“City employees are absolutely going to be required to be vaccinated,” Lightfoot said at a Monday press conference.
Lightfoot made the light-hearted announcement about a serious public health matter only hours after the Food and Drug Administration rushed to approve Pfizer‘s COVID-19 vaccine, despite its waning effectiveness and mounting health risks.
“We absolutely have to have a vaccine mandate,” Lightfoot said.
“It’s for the safety of all involved, particularly members of the public who are interacting with city employees on a daily basis,” she continued. “It’s important for colleagues to also feel like they have a workplace that’s safe.”
Chicago has not formally announced a vaccine mandate because the city remains in negotiations with the Chicago Federation of Labor, which represents public employees.
“Discussions regarding COVID-19 vaccinations are ongoing with the city,” the AFL–CIO-affiliated labor union said in a statement. “We appreciate the City’s willingness to not announce a specific policy while those discussions continue.”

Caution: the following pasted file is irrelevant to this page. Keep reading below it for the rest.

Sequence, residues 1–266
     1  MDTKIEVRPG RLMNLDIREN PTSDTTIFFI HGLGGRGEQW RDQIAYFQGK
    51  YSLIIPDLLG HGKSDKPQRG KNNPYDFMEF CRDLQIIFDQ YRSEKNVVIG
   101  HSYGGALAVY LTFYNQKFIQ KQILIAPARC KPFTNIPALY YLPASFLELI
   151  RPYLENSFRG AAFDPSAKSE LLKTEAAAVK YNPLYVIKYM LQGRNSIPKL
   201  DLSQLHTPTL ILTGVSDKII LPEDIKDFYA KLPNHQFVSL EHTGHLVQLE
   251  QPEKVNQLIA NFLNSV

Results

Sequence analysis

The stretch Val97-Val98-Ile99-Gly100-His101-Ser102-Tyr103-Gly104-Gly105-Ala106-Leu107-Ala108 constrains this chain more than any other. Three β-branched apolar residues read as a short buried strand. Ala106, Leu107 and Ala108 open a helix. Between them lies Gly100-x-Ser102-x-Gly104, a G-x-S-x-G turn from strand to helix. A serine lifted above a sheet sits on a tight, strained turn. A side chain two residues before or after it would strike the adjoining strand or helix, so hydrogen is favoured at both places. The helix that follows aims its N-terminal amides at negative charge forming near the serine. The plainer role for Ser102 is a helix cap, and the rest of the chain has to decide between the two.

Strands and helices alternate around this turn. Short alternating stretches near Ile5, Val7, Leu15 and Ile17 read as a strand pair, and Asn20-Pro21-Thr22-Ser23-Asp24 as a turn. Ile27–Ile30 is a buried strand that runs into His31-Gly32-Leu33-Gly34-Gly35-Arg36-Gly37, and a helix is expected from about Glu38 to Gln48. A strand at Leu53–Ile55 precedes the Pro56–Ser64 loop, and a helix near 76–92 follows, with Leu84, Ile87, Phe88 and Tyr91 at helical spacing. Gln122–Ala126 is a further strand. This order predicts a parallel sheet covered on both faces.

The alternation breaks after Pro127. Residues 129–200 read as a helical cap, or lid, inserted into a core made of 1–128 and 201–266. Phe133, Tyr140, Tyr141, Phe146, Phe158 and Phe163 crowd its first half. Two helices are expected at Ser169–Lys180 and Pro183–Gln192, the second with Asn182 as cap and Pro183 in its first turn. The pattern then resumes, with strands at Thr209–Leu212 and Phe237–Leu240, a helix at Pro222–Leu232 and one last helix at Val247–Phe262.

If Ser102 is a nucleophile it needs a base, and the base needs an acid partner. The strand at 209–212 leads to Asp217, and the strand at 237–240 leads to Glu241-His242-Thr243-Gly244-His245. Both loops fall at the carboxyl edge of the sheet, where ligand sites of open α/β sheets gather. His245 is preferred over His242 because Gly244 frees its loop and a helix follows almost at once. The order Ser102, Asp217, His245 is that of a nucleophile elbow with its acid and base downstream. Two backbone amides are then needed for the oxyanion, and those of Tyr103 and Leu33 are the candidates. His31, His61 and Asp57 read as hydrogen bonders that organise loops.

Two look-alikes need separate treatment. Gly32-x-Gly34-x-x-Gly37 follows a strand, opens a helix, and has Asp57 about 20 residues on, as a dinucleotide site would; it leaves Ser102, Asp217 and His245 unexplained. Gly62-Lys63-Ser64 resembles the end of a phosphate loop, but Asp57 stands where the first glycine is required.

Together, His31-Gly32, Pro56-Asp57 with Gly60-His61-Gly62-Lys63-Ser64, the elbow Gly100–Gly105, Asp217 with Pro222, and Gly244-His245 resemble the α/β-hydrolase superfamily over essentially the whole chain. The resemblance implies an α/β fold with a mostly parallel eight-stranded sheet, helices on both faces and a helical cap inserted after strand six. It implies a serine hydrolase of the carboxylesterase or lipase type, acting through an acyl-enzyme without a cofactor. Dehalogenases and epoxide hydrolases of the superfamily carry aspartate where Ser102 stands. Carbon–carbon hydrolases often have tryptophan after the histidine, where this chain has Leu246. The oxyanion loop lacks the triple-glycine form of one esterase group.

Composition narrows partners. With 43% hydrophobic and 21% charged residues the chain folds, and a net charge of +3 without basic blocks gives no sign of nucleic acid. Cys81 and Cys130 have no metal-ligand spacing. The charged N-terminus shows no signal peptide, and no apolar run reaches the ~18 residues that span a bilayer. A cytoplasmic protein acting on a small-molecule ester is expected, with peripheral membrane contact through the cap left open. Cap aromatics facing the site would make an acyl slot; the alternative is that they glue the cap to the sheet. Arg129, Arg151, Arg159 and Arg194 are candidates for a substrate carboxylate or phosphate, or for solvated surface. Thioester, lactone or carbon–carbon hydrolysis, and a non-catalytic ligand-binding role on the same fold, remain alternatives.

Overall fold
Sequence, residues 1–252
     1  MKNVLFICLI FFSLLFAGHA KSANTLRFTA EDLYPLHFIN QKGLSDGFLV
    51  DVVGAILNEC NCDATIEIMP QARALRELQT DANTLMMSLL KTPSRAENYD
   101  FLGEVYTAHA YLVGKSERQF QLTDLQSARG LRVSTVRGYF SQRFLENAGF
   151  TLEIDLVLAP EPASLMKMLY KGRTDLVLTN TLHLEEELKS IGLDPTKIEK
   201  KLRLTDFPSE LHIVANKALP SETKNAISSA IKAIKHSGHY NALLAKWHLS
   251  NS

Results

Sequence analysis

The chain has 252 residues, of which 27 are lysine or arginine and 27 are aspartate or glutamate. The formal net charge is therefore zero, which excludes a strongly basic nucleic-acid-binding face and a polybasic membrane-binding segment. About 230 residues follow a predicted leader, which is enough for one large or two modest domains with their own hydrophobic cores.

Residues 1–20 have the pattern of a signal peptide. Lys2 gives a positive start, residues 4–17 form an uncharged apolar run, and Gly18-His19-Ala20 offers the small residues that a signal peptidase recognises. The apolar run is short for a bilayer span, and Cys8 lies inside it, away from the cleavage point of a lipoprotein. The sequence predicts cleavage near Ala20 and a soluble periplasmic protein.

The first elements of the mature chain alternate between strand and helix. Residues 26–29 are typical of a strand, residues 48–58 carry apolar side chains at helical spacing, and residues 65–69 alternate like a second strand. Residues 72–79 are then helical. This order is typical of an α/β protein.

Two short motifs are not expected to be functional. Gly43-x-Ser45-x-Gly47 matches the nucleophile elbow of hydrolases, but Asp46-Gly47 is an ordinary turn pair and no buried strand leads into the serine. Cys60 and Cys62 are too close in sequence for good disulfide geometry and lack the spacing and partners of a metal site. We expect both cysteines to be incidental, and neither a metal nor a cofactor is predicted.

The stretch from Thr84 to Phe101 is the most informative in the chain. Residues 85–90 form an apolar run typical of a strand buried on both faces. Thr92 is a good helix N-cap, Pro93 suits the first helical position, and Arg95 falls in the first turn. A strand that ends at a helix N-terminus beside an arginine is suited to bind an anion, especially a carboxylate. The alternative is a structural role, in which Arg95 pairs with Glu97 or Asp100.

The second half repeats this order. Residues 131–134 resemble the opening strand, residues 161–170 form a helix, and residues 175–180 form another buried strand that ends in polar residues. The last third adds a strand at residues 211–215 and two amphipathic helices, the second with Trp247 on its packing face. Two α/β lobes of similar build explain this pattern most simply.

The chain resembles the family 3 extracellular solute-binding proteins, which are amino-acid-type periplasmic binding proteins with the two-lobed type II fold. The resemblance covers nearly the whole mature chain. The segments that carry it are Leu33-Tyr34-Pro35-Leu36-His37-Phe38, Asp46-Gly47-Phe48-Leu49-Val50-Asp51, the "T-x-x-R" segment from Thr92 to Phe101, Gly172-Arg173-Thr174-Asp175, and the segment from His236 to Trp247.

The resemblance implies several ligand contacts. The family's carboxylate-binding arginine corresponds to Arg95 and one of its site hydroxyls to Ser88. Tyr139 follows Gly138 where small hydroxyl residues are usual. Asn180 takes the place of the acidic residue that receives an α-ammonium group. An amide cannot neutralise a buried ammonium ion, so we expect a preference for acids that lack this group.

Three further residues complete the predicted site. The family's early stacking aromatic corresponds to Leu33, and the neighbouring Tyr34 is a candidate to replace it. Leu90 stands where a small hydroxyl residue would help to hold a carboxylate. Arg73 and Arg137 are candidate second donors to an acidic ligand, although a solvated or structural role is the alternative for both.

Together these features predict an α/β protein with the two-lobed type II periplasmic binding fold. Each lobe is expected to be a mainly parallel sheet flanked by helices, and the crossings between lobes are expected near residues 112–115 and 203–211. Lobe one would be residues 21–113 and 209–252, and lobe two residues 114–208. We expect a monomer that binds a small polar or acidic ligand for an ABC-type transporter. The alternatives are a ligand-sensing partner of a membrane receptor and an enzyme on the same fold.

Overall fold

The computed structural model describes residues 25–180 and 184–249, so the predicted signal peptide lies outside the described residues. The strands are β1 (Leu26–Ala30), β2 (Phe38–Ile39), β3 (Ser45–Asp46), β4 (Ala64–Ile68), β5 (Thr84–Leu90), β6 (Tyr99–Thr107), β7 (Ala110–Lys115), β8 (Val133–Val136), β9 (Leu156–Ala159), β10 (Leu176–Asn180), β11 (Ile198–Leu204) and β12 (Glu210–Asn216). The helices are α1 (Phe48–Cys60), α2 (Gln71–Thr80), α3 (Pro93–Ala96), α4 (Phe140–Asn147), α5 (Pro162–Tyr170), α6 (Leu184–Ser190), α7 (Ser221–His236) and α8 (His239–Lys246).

Chicago’s Fraternal Order of Police promised to fight Lightfoot’s coronavirus vaccine mandate.
“We are not just going to roll over and play dead for the mayor,” President John Catanzara Jr. “She’s not going to force it down our throats without a fight. And we will take it to the courts if necessary.”
Chicago’s four police unions will meet on Tuesday night to coordinate their response to the vaccine mandate.
“And we thought we had an understanding that we were perfectly fine with the option for our members to decide for themselves without it being a mandate,” Catanzara said.
The FDA’s politically motivated decision to approve Pfizer’s COVID-19 vaccine has caused a flood of hospitals, healthcare facilities and other businesses to mandate the shot.
Polls show that 13% of US employers plan to mandate the fully approved vaccine, up from 3% who planned to mandate it before the FDA’s approval.